March 5, 2018
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AWB HealthChoice members can get access to medical care anytime, anywhere


The thousands of employees who are covered by AWB's HealthChoice Trust Premera plans now can access immediate health care through their phones or tablets. Teladoc is not intended to replace a member’s primary care physician, but is a convenient alternative to urgent care and unnecessary emergency room visits.

Common conditions treated by Teladoc include: bronchitis, respiratory infection, sinus problems, allergies and influenza. The cost of your virtual care visit with Teladoc or your doctor is based on your standard in-network office visit cost shares (copay or deductible and coinsurance).

The mobile app is the most convenient way to connect to Teladoc which allows you to schedule a doctor visit, manage your medical history, or even send a prescription to the nearest pharmacy – all from the palm of your hand. The mobile app is available on the Google Play store and the Apple App store.

More information is available at: https://member.teladoc.com/premera or by calling ProPoint at 866.448.9577.



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A Lifetime of Learning


Workforce development begins young, continues over lifetime

By AWB President Kris Johnson

We all want our kids to grow up in a state with good-paying job prospects and the training to match them.

Today, there is a laser focus by our association's membership and other groups about the need to fill the workforce pipeline with skilled, job-ready workers. There simply aren't enough workers to fill the high-tech, high-wage jobs available in our state and nation.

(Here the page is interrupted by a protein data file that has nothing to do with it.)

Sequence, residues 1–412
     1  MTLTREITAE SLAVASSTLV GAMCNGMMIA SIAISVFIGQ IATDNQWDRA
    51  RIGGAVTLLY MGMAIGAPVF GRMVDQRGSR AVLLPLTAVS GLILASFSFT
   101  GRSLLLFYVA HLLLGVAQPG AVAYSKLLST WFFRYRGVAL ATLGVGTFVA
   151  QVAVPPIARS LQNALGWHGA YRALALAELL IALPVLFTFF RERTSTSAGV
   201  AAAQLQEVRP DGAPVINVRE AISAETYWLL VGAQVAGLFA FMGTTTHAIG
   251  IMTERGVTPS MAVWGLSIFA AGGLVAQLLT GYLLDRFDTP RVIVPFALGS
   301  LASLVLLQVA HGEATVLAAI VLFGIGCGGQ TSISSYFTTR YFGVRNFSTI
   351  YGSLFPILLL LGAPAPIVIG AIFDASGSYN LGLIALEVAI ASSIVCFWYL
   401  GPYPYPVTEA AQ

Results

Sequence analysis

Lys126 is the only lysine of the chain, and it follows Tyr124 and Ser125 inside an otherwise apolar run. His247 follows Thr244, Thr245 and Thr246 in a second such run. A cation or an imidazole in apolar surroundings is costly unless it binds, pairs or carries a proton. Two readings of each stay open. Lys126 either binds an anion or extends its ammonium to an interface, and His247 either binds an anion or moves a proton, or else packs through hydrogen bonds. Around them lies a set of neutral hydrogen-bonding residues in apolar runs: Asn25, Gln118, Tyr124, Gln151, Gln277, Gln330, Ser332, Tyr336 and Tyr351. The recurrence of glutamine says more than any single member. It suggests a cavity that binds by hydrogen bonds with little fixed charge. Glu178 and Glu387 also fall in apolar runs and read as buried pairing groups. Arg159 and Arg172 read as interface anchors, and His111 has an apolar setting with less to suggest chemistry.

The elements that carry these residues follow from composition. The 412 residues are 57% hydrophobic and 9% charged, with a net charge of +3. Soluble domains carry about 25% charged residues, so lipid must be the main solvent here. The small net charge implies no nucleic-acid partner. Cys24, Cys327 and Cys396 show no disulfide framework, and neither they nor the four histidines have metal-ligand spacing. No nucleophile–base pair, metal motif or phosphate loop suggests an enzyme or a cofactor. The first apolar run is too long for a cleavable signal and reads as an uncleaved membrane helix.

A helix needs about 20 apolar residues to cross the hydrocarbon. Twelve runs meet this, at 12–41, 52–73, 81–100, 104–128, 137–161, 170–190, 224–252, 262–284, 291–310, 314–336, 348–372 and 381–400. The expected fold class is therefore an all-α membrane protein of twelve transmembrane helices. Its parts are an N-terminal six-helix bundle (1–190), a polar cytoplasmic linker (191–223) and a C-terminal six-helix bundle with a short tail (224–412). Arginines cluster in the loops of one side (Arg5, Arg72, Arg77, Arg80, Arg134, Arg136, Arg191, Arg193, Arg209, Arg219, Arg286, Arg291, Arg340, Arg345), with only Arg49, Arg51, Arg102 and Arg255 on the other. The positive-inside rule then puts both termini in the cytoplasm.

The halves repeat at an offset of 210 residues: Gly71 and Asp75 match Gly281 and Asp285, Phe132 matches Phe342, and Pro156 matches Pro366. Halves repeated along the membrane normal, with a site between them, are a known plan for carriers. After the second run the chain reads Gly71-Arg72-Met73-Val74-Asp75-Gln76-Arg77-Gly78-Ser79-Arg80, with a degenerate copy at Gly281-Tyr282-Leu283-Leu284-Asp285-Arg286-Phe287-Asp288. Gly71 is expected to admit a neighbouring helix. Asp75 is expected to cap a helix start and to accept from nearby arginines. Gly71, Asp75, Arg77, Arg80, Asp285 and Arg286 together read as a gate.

We're working to address that problem by advocating for robust career and technical programming in our middle and high schools, training and certificate programs for high-demand jobs at our state's community and technical colleges.

We'll be talking about those very issues at the second-annual AWB Workforce Summit on March 21 in Bellevue.

Read the full column in The Wenatchee Business World
Dealing with Debt

State needs to begin paying down its bond debt

By The Everett Herald Editorial Board

Duane Davidson, now in his second year of office, hasn't been one to pursue many policy issues with lawmakers, unlike his predecessor who outlined an ambitious tax reform proposal that earned little interest. But Davidson has taken a stand to defend against raids of the "rainy day" fund and asked lawmakers to consider using some of the additional revenue to pay down the state's bond debt, add to its "rainy day" reserves or pay more toward its unfunded pension obligations. Their choice.

"I think that money would be better spent paying down any debt, pick your debt," Davidson said.

And there's significant debt to pay down.

The state's Debt Affordability Study for 2018, released by Davidson's office, reports that the state's debt portfolio has over the course of the last 20 years grown from $6.8 billion to more than $19 billion and totals $21 billion when financing contracts are included....

Read the full editorial in The Herald
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